Friday, November 26, 2010

Roxy Music - The Best Of Roxy Music


I got introduced to Roxy Music thanks to a young couple I babysat for when I was about 14.  While I used to mostly watch TV, eat and hope that neither of their two young sons would wake up, I also used to rifle through their record collection.  And they must have been pretty hip, because I became enraptured by the creepily-posed Jerry Hall on the front of Siren.  So I played it, and was hooked.  

I've been around a lot of this music most of my life, but I seem to recall this hazs been because my partners own the albums - not me.  Although I never bought any of either the band's albums or Bryan Ferry's solo work, this compilation was a no-brainer purchase for us.  But it does mean we need another best-of - Ferry solo.



Roxy Music existed as a new wave band before the term was even coined.  Or maybe they are the link between glam and new wave.  Either way, they're the sort of band who people or love or hate.  There really is no middle ground.

There is probably a lot that could be said about Brian's Ferry and Eno (I didn't think there were enough Brian's in the world for two to end up in the same band together).  But I'm not going to bore readers with too much.  Suffice to say, this pairing, along with the rest of the members of the band, produced some of the most innovative music of their time, inspiring slavish adoration from fans and absolute derision from just about everyone else.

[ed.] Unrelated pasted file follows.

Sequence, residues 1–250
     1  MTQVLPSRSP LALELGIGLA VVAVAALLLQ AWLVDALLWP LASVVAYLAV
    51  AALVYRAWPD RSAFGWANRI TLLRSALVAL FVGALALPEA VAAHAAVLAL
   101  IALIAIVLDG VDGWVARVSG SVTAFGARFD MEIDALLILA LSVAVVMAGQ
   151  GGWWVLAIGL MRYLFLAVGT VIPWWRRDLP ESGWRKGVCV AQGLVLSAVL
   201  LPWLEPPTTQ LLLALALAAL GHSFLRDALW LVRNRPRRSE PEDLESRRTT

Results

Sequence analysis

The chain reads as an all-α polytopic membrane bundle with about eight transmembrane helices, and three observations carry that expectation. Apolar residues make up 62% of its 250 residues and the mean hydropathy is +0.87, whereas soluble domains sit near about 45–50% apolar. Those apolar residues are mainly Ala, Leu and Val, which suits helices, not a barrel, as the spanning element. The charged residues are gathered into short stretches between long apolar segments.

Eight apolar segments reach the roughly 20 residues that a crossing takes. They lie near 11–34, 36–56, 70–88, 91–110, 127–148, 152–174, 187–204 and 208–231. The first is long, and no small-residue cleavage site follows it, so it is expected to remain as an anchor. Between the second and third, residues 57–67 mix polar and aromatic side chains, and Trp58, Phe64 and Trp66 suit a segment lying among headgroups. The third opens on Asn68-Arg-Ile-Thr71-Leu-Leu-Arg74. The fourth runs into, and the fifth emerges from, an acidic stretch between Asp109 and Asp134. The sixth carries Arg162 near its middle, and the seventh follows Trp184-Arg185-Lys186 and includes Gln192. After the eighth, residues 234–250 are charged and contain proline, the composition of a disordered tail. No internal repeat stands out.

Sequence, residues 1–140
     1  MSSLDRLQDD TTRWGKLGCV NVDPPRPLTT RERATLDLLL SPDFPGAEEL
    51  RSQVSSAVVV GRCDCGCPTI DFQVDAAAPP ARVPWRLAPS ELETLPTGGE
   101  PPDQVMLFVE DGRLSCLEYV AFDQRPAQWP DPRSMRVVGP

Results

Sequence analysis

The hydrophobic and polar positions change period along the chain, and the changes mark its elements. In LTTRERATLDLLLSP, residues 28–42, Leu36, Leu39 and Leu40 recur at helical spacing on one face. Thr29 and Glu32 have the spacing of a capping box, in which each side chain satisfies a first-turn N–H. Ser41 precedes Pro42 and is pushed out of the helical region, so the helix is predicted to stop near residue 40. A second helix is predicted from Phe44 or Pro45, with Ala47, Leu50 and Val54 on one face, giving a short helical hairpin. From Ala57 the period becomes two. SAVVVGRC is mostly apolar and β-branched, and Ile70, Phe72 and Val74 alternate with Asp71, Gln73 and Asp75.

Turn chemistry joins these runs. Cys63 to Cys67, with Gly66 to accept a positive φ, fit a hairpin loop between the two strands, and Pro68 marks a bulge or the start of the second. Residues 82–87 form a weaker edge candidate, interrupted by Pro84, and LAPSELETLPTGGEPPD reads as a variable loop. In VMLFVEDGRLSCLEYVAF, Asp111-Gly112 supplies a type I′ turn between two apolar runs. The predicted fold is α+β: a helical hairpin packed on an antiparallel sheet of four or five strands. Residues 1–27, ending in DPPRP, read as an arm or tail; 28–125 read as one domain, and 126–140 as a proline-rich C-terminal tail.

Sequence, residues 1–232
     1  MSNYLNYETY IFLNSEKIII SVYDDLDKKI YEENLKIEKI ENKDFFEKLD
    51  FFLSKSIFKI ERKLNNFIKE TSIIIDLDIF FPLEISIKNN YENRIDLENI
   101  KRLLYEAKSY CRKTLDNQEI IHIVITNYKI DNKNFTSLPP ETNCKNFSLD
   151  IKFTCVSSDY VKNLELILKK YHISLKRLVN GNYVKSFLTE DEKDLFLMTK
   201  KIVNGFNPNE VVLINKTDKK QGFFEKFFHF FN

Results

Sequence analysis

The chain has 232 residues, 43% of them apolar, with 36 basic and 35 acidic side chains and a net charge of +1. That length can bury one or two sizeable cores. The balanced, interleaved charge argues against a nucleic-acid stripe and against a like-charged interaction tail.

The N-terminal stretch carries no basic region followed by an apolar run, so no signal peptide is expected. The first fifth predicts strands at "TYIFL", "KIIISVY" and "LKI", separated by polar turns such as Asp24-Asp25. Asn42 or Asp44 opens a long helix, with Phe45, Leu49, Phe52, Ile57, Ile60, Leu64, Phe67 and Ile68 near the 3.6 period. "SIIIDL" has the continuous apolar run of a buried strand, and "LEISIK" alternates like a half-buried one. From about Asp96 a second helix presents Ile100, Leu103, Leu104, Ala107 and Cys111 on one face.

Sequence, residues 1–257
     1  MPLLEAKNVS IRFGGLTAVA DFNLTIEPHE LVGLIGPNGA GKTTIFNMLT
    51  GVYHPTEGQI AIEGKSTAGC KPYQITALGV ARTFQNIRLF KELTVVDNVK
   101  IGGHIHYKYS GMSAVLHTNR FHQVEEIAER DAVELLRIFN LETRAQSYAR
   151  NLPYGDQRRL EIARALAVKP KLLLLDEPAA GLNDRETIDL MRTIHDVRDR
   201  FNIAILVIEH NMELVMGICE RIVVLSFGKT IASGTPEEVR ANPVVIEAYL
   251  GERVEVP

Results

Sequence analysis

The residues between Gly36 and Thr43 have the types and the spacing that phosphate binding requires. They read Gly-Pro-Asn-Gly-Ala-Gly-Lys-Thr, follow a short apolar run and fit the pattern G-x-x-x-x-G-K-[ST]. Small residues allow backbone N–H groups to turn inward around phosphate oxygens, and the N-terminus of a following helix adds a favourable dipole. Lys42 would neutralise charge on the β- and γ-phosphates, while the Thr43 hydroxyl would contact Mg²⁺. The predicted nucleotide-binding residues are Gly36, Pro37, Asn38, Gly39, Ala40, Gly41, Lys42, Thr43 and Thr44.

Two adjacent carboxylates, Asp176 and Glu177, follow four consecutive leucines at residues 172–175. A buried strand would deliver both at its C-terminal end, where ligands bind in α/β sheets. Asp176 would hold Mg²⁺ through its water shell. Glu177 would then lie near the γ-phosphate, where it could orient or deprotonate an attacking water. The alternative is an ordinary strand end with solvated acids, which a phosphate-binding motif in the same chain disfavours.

As you would expect, this collection covers everything from their early days through to the heady days of their most successful release, Avalon, the album that probably inspired more new wave artists than just about any other.  It certainly inspired a lot of the fashion, although Ferry was one of the few who could pull off the satorially elegant look without looking like either a dandy or a right pratt. 

I don't really have a favourite Roxy Music period, although I can remember staring at the front cover of Country Life a lot - it inspired a lot of, erm shall we say, teenage boy fevers...  Lets leave it at that, okay?  While there are so many fine tracks on this album, I particularly love Virginia Plain, Love Is The Drug (I know no other song that uses the word t'aint), Street Life and Re-Make/Re-Model.  And their cover of Jealous Guy is almost as good as Lennon's.  Note I did say almost...


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  1. I'm honestly not too familiar with these guys. But I've never really been a fan of New Wave and only recently within the past 5 years or so really delved into glam. And I've only delved into glam to the tune of a few Sweet albums, Bowie's Hunky Dory, and T-Rex's Electric Warrior.

    Oddly enough when it comes to Roxy-related music I'm most familiar not with Eno or Ferry's works but with the album guitarist Phil Manzanera did with Asia vocalist, John Wetton (whom I believe toured with Roxy as their bass player in the mid-70s after King Crimson split up).

  2. I always liked Roxy Music but more their earlier songs. Avalon, so smooth and polished, was probably my least favourite. And Brian's solo album, Let's Stick Together, will always be a favourite.